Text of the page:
Dad’s seriously into classical music. Not an expert to the point where he can tell you who-all played in a particular recording, but he knows what he likes. The radio in his living room is on classical all the time.
Some nights, though, the music gets a little … well, strange. Up-and-down-the-scale violin and cello, out-there violas and woodwinds, strings sounding like a chain saw in need of a tuneup. Somehow I can’t picture Dad sitting through that — his tastes are normally rather bland — but he enjoys it. Maybe it’s because he can’t hear so well.
Hey, I like a litle out-there stuff myself. I’ll have Albert Ayler or Pharoah Sanders blasting on my Bose stereo late at night, and it’s edgy invigorating stuff. Once when listening to the title track of John Coltrane’s Kulu Se Mama I tweeted something about how it sounded like someone ripping the head off a live chicken in a Santeria ceremony. But that track is one of my favorites.
In truth, I find that really crazy stuff is best when I’m writing fiction. The music and my mind both wander.
But this is the stuff that, at first listen, I wonder what in the world I’m getting myself into.
Much of the best art — in fact the best anything — meets a lot of that say-what? at first hearing or viewing. Seth Godin, a man I respect, suggests that I-don’t-get-it response is a good way to tell if that idea of yours is a good one.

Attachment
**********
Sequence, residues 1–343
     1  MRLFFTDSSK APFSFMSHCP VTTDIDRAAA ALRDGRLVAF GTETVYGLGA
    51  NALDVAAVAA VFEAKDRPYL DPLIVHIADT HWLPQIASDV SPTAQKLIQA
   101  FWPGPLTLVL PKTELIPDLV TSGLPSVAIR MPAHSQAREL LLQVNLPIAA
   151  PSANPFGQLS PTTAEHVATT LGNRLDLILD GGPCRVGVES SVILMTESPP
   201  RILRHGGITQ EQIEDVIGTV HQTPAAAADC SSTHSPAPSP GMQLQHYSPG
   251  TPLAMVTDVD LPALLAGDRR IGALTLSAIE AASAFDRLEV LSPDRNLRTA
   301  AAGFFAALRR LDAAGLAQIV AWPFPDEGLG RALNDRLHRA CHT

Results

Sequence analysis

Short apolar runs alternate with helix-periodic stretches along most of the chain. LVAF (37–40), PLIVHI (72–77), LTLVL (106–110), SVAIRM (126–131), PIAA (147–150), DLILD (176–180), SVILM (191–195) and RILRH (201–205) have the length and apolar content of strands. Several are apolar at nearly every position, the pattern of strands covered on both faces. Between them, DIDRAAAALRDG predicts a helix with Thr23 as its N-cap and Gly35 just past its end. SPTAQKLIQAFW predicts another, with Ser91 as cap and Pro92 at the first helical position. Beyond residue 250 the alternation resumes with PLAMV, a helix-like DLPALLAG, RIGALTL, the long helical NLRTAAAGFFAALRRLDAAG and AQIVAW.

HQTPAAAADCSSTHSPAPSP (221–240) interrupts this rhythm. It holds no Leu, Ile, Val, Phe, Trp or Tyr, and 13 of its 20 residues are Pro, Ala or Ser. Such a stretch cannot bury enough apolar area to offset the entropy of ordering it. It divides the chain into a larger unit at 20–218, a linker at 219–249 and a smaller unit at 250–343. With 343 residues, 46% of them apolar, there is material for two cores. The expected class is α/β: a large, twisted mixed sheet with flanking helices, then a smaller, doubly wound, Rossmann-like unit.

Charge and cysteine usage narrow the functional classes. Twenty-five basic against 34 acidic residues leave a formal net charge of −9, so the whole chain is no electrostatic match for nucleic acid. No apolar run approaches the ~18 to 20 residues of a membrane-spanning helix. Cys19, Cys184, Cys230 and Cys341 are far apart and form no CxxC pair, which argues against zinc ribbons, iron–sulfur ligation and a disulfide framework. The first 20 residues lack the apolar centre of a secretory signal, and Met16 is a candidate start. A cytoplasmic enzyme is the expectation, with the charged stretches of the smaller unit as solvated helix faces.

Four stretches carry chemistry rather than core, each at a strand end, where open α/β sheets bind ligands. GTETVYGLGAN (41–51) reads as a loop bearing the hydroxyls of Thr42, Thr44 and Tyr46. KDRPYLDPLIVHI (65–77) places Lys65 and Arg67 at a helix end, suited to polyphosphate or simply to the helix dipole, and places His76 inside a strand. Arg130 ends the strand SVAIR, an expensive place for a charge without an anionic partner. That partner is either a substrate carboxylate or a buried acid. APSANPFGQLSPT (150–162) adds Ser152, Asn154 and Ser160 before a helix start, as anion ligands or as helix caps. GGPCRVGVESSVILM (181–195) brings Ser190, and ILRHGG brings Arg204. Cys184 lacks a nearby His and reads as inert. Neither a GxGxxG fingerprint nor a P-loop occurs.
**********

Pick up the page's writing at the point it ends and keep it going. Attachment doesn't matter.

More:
If everybody “gets it,” the idea may be too bland. Too obvious. Maybe of no consequence whatsoever. In all probability no one will give a rip. Everyone likes it but no one’s all fired up about it, either to the positive or to the negative.
“The popular, obvious, guaranteed ideas have definitely been taken,” or are so small that they’re not really worth your blood and tears,” Godin says. True.
The popular, easily understandable stuff has already been done once. Maybe twice. Now if I was to put together an online microblogging service where you spit out your thoughts in 140 character bursts and we follow each other, big deal. Boring. Been done.
But in 2006, four guys — Evan Williams, Jack Dorsey, Biz Stone and Noah Glass thought that same thing up. And obviously they were smoking some bad stuff there. Listen, I’m fairly up on the tech stuff and it still took me more than a year to figure the point behind Twitter — let alone learn how to use it. Now it’s the social media platform I go to before anything else.
If I’m throwing that book concept to my writing group or that song arrangement to my bandmates, maybe I should pay attention to the response. If everybody gets it right away, I need to spin and try again. I’m not saying anything new.